I really don't understand why these Llano chips sport such low clock speeds. The Llano has shown to overclock at stock voltage over 3.5ghz and yet they sell this A4 at 2.5ghz. Wouldn't this be a better chip at 3ghz? I suppose they would use more power at 3ghz but not THAT much more. I have a hard time justifying a 2.5ghz Phenon II speed chip, but at 3 ghz and above coupled with the 160 radeon cores this would be a decent performer. I just don't understand it at all. The chips will run faster and on a desktop who cares about an extra 5W at load. I'm just confused as hell. It feels like AMD is shooting themselves in the foot. The Llano chips could be really good with some extra mhz. Reply
  • Prosthetic Head - Tuesday, November 08, 2011 - link

    The gaming section compares the fusion part to a reasonable discrete GPU in a way which I think is slightly misleading. It the competing systems are to be upgraded by addition of a discrete GPU then the fusion system should also be upgraded with a discrete GPU in hybrid crossfire (or whatever they are calling it now) or to the top end A8 part. Otherwise you are comparing substantially more expensive systems to the low end fusion system at a price point where very little money goes a long way in terms of upgrades.

    Other than that a good article with some sensible recommendations, thanks.
    Reply
  • just4U - Tuesday, November 08, 2011 - link

    I was disgusted at recent pricing on hard drives. Seagate has been low man on the totem for some time.. and their drives typically ran for $39 (500G) and $54(1T) here in Canada.. Now though? HAH.. $99/$130 respectively. I've been meaning to send a 500 G WD Black in for RMA and at these prices.. I certainly will.. (it's at $140 GAH!!!!)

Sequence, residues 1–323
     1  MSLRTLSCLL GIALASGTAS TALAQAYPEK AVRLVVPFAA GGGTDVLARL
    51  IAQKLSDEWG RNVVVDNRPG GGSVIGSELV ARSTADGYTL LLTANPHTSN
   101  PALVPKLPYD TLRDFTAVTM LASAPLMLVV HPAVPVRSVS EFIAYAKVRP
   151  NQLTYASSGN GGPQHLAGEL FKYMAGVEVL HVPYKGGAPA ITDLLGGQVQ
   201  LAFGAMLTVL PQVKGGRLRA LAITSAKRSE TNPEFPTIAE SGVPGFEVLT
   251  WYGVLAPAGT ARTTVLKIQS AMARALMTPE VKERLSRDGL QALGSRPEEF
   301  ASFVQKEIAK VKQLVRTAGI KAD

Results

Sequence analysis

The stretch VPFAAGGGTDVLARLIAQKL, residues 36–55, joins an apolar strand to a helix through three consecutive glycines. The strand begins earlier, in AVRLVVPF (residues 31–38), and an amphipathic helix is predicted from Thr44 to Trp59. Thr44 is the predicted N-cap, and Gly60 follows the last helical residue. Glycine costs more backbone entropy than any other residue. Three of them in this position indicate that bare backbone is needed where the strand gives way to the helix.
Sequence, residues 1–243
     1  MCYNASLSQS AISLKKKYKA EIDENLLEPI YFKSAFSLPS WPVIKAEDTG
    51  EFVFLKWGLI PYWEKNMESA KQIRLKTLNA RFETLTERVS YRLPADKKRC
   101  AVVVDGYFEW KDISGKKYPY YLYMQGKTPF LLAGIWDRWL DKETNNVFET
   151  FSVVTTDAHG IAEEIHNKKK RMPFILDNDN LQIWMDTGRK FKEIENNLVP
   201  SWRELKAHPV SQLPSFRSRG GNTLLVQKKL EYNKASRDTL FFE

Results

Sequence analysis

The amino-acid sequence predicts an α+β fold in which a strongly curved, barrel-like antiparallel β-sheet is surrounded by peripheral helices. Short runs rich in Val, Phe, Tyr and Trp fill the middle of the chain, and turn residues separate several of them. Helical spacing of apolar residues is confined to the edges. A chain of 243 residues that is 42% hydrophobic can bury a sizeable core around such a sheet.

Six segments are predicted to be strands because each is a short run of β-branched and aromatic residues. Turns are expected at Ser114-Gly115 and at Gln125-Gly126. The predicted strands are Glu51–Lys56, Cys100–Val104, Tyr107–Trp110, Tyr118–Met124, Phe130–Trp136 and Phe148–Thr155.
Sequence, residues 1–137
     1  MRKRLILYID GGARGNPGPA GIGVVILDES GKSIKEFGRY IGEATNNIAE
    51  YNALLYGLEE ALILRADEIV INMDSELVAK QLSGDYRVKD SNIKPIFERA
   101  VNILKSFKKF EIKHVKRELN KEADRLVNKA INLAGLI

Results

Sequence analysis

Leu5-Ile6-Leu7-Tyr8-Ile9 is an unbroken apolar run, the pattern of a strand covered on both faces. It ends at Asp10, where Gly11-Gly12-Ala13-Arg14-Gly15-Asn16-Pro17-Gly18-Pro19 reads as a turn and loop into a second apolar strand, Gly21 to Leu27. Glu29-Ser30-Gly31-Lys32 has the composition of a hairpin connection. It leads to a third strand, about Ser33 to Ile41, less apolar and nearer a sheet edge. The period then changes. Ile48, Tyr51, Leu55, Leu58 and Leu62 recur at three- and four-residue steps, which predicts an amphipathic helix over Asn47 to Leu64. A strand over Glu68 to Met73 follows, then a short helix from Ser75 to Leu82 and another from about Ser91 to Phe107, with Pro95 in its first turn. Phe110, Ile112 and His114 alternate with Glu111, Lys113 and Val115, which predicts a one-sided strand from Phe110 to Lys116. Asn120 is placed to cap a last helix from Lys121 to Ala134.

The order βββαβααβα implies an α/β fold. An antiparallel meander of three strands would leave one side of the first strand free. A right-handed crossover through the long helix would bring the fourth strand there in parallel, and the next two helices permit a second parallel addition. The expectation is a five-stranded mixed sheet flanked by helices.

I tell you, SSDs don't look quite so expensive right now.
    Reply
  • Taft12 - Wednesday, November 09, 2011 - link

    Good lord man, read a news site once in a while! Reply
  • mino - Wednesday, November 09, 2011 - link

    What you mean by that.

    THE ARTICLE was published with _completely_ obsolete HDD prices. Now you bitch about a reader noticing it for being "uninformed"?
    Yeah, sure.

    With those HDD prices OEM systems start looking all the more appealing ...
    Reply
  • bgclevenger - Wednesday, November 09, 2011 - link

    a lot of good info here concerning hardware choices, but what about software? since these are budget builds and not gaming machines, install linux instead of windows and save $100. Reply
  • scubba85 - Wednesday, November 09, 2011 - link

    70$ for a hdd? Reply
  • mino - Wednesday, November 09, 2011 - link

    more like $100 these days ... :GRRR Reply
  • madmachinist2 - Thursday, November 10, 2011 - link

    Were the power consumption measurements taken with the discreet GPU's installed in the Celeron and Athalon? if not, is it possible to find out what the correct power consumption ratings would be? Reply
  • Schmich - Thursday, November 10, 2011 - link

    I know that gaming was named but in my opinion Linux should be named as well. For those who don't game then using something like Ubuntu would be a lot better. Reply